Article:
Exercise is Medicine

As someone who has been an exercise & health fanatic my whole life, I love seeing people find ways to incorporate proper exercise and nutrition into their daily lives.  Of course, I do realize that there is not a “one side fits all” approach and everyone has to find what works for them.  However, regular exercise really is life-changing from all aspects – physical, emotional, mental and even spiritual.  And once it becomes a habit, it’s a habit that you can’t give-up.  It’s routine, much like brushing your teeth and then you find  ways to be as healthy as possible in most aspects of your life.   Exercise and good nutrition should be part of our days, just has it was for decades before all the comforts and ease of transportation and online shopping that we have now.  So, if walking everywhere and fresh food markets are not our norm now, we have to find ways to get what is absolutely necessary for optimal health.  What I like about the study below is that is followed both men and women over 12 years, as well as it included a decent amount of people.  Facts are facts and evidence-based medicine is what so many people demand, so here it is… Not sure there is any way to argue this one. Exercise is medicine.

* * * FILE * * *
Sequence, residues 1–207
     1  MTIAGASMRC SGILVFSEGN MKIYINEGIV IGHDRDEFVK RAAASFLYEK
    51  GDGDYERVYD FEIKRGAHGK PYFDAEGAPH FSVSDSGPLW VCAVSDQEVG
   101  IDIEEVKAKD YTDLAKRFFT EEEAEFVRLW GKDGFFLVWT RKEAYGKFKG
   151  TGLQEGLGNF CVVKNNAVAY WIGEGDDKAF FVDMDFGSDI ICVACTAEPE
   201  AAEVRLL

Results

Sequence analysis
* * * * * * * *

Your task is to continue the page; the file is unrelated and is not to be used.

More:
“It’s no secret that inactivity is bad for your health, but it may be worse than previously thought. According to a new study, it’s even more deadly than obesity—twice as deadly, in fact.
Researchers at Cambridge University studied more than 334,000 men and women over 12 years. After measuring height, weight, waist circumference and self-reported levels of physical activity over that time span, it was found that moderate physical activity helped to lower a person’s chances of premature death. Researchers concluded that exercise that burns around 100 calories a day, such as a brisk, 20-minute daily walk, can reduce the risk of an early death by 16 to 30 percent.
“This is a simple message: just a small amount of physical activity each day could have substantial health benefits for people who are physically inactive,” said study leader Professor Ulf Ekelund, from the Medical Research Council (MRC) Epidemiology Unit at Cambridge University. “Although we found that just 20 minutes would make a difference, we should really be looking to do more than this—physical activity has many proven health benefits and should be an important part of our daily life.””
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